We developed standards across a number of elements from foundational parts like grid and spacing, typography, colors, content, icons, illustrations, drop shadows, status bars, animations, and action sheets to components like alerts, avatars, buttons, cards, date and time pickers, empty states, forms, headers, lists, map interfaces, loading indicators and states, selectors, and tabs. But perhaps most importantly, we created a space to interact with our riders during the trip.
From the start we wanted to be sure to create a platform that other people could use, build upon and extend internally. It takes a village to build something, and not one populated solely by designers; engineers, product managers, operations, marketing, and many other talented members of the team were involved. Building an entire new product and a design system at the same time was a challenge, especially at this scale.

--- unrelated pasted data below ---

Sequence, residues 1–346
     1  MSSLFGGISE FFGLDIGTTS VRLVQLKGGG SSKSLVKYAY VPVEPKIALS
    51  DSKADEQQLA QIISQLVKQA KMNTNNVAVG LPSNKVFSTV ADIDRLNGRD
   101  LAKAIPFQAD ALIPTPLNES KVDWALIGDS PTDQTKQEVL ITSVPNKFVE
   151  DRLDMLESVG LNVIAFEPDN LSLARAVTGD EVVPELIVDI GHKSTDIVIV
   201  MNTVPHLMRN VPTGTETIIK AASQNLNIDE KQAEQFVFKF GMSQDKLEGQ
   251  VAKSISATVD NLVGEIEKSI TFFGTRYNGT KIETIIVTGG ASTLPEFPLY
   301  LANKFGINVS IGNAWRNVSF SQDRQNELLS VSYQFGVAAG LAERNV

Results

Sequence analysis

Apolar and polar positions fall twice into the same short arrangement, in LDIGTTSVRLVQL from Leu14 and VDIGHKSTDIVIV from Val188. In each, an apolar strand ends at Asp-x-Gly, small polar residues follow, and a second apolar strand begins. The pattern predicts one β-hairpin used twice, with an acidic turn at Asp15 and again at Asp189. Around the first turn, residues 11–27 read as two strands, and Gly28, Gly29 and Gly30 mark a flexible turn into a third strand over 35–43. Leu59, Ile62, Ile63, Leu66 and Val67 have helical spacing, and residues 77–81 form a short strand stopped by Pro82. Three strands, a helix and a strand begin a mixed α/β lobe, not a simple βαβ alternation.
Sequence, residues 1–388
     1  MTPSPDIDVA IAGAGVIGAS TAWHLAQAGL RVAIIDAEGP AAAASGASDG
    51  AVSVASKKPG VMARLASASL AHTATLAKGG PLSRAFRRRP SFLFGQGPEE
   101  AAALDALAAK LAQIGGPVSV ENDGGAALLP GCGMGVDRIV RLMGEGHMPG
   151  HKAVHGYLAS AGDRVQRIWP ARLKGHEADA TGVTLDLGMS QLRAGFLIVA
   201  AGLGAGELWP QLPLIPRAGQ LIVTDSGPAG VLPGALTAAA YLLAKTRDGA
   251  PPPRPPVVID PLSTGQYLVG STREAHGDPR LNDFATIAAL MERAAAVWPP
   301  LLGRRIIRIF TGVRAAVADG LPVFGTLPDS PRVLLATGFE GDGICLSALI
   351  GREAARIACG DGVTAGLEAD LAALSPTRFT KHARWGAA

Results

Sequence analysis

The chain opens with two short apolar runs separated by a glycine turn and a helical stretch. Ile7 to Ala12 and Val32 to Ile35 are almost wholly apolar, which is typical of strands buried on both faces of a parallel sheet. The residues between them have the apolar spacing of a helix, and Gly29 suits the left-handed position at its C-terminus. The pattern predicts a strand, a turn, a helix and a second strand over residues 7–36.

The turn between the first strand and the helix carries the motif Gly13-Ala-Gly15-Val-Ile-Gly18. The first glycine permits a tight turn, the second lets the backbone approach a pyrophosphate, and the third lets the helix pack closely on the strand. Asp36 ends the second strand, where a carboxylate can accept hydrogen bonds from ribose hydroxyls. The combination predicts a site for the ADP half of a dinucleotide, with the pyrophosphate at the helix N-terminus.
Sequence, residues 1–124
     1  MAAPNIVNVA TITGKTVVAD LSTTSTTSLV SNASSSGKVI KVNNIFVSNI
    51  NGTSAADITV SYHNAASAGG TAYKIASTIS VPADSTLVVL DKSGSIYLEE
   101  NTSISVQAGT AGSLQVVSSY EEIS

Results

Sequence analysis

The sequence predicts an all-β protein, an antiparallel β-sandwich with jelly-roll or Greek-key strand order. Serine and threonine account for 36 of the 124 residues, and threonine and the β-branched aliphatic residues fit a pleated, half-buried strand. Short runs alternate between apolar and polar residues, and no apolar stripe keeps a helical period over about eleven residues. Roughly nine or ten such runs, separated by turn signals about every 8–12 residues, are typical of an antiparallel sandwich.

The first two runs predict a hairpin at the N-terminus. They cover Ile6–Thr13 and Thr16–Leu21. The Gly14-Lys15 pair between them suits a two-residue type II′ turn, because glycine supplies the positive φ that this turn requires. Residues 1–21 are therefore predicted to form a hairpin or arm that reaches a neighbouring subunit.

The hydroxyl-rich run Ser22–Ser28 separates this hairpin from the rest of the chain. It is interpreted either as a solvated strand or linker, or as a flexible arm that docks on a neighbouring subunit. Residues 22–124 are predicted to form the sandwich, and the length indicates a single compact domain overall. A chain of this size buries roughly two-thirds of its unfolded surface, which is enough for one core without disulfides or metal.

In e-commerce, providing the right product information at the right point for customers directly affects the bottom line. A recent study by Baymard Institute found that 48% of US e-commerce sites provide too little information on their product lists. At the same time, too many secondary and repetitive details can overwhelm customers and make it harder to choose which product is worth further consideration. This dilemma requires a balancing act that even some of the largest e-commerce retailers are struggling to solve.